and government policies. Economic factors include inflation, business cycles, government spending, and
overall cost, and consumer confidence. Social factors include demographics, public attitudes, and income
distribution. Technological factors focus on the technology involved in supporting or implementing a
recommendation, including energy use and the availability of key technology. PEST analysis involves not
only identifying the relevant factors, but also considering options for responding to these influences.
There are two primary formats of PEST analysis for policy makers, which each offer starting points from
which you can drill down to increasingly detailed conclusions and recommendations. The first example chart
shows the variability in a strong PEST analysis, breaking it into five categories to assess the feasibility of
implementing four recommendation options: Political Feasibility, Administrative Feasibility, Equity, Cost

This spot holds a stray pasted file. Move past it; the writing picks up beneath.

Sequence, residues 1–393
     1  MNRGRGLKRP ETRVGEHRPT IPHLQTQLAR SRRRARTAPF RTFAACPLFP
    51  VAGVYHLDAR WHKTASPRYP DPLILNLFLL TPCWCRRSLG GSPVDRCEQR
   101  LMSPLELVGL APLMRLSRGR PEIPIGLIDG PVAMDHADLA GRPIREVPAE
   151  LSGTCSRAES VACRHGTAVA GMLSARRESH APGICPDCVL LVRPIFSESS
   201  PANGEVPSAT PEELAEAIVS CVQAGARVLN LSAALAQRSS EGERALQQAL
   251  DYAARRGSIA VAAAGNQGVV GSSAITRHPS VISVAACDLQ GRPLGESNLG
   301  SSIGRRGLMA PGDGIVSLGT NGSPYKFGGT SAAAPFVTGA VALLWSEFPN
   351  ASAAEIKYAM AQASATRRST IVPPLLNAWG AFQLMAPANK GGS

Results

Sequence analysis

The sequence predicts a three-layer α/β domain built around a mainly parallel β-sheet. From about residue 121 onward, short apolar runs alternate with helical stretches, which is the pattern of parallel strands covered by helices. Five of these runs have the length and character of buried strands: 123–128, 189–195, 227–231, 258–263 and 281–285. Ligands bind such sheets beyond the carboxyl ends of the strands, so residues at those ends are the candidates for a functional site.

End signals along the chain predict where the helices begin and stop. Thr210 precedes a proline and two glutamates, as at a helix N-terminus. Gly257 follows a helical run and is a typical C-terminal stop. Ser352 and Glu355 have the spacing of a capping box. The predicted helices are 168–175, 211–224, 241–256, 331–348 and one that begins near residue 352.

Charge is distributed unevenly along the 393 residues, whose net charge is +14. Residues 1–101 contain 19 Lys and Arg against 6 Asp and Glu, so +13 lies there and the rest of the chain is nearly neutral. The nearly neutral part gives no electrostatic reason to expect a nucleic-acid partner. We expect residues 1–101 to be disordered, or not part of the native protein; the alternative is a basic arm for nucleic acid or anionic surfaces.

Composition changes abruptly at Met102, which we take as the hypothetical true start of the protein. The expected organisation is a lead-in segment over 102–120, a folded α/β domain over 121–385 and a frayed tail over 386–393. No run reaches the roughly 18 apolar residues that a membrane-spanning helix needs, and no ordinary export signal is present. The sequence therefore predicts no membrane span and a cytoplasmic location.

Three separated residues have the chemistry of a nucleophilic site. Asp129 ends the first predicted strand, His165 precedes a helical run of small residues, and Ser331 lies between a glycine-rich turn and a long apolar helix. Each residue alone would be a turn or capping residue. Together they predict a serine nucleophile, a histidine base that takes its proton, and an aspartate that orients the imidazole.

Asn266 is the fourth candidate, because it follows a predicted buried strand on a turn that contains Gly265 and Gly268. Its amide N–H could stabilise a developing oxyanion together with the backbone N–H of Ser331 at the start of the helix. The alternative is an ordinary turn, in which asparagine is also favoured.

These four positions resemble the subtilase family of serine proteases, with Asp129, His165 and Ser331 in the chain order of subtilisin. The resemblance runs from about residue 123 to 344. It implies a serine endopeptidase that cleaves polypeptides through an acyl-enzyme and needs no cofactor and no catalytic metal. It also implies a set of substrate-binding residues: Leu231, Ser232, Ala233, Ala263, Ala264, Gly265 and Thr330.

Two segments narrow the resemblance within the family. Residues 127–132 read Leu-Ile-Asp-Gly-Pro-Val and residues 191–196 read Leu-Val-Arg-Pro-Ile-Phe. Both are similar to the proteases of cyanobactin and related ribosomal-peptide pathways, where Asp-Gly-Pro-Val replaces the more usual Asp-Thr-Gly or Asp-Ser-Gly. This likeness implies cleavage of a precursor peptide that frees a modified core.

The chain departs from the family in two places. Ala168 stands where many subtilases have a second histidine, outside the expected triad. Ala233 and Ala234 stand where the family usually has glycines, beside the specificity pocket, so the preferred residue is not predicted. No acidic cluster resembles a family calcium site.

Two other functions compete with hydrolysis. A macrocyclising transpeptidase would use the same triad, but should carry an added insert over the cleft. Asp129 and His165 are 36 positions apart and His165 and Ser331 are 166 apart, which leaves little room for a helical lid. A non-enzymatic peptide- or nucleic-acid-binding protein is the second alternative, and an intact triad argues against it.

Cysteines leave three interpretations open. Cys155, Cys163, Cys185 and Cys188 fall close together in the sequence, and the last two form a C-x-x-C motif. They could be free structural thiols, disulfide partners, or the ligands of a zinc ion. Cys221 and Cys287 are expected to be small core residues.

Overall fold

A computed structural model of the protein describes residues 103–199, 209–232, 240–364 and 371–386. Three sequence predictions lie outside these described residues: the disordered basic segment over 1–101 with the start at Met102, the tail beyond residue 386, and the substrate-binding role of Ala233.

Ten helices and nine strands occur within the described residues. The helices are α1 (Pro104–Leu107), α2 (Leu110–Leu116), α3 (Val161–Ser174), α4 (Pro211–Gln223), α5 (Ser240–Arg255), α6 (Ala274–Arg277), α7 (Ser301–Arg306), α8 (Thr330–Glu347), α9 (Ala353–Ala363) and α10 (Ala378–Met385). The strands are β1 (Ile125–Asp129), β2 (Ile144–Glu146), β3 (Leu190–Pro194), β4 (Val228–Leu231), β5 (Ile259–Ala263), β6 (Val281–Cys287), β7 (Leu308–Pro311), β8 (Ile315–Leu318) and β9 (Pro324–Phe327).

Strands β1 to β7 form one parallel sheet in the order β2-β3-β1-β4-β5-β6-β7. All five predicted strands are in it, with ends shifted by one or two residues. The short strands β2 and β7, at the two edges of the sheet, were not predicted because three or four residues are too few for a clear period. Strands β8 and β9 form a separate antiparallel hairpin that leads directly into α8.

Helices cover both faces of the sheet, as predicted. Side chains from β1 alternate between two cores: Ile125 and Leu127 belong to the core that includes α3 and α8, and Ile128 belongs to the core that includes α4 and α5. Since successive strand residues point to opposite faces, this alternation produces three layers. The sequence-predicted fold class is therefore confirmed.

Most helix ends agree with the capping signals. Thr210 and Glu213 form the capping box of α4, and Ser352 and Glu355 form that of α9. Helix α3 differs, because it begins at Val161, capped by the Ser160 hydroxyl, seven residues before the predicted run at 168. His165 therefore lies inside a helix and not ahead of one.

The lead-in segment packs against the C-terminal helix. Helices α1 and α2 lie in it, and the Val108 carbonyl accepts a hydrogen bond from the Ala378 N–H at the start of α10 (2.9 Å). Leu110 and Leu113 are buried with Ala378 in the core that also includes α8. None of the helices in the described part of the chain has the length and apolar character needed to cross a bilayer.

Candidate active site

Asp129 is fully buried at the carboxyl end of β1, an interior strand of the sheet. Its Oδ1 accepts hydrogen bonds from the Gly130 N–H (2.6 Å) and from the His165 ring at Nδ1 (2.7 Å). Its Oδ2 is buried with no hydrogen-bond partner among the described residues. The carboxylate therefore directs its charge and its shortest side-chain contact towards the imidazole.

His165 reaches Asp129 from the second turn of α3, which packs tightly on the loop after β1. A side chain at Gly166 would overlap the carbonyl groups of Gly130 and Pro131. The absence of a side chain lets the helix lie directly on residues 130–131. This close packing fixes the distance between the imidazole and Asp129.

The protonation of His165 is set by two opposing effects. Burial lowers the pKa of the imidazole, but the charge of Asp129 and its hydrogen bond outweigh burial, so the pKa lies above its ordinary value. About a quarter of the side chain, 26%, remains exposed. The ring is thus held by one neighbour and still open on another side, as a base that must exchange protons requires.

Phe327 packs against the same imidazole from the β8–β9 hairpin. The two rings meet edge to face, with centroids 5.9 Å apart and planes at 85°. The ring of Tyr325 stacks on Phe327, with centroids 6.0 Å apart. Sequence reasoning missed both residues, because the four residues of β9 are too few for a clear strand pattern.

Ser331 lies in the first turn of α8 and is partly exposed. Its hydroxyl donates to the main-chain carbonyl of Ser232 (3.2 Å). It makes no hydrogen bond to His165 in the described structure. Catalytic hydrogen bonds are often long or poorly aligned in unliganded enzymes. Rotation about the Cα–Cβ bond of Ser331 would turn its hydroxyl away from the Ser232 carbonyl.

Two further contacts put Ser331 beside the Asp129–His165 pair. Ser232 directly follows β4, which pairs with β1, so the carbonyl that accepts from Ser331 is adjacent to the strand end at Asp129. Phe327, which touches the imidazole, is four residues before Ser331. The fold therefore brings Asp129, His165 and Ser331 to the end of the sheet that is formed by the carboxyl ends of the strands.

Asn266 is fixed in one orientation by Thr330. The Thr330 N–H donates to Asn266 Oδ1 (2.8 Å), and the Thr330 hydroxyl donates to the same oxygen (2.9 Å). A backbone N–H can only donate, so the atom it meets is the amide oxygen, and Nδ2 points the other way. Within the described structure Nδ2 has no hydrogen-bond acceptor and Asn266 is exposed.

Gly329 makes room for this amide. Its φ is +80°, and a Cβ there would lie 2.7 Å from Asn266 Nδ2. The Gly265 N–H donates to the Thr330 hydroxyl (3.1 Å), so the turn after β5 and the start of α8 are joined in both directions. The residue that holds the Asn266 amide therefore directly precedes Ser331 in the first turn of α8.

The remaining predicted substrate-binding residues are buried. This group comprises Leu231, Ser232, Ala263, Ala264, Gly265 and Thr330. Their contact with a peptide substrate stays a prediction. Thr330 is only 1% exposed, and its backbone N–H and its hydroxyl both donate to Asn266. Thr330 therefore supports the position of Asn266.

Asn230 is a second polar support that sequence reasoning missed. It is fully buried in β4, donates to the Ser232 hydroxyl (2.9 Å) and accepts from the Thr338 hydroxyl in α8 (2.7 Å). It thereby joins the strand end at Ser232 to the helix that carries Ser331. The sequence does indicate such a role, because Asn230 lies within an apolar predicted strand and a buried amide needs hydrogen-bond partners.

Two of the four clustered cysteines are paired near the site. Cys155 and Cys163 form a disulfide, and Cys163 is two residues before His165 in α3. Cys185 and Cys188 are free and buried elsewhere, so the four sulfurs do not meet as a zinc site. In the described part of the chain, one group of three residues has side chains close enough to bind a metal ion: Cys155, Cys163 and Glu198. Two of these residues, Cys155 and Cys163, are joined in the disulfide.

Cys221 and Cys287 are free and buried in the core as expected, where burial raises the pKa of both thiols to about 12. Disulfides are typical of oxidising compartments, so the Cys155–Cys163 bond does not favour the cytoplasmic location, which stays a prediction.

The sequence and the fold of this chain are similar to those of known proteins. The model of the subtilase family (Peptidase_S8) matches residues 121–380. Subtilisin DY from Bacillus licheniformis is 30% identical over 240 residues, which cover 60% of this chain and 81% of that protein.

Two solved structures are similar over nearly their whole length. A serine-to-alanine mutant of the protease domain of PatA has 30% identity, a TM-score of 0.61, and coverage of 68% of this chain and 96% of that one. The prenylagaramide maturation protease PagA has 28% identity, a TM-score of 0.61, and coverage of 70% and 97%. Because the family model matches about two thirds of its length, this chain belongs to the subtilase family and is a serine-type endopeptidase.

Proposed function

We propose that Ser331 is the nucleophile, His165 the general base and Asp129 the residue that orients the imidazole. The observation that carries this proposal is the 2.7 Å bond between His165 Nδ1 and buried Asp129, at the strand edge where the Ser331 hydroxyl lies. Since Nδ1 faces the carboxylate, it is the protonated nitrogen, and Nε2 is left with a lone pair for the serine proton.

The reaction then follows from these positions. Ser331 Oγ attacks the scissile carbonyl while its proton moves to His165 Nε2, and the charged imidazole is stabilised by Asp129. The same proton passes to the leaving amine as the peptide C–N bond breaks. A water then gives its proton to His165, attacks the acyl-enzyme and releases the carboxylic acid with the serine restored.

Effectiveness, and Environmental Impact. That chart also shows that the policy writer folded Social
Feasibility into the Political Feasibility and Equity tests. The example chart
focuses on the problem of pesticides, offering four possible solutions to deal
with the problem: (1) Do Nothing/Status Quo, (2) Tax Pesticides, (3)
Increase Number of Pesticides Banned, (4) Discourage Pesticides through
Tax Breaks to Ecologically Appropriate Crops, (5) Limit the Number of
Pesticides that can be applied to a particular crop. The chart then assesses the
overall positive and negative outcomes or qualities associated with each
possible solution to reveal a dominant recommendation: Tax Pesticides.
You can build your own Feasibility Chart by measuring recommendation
options in the context of PEST categories and through the perspectives of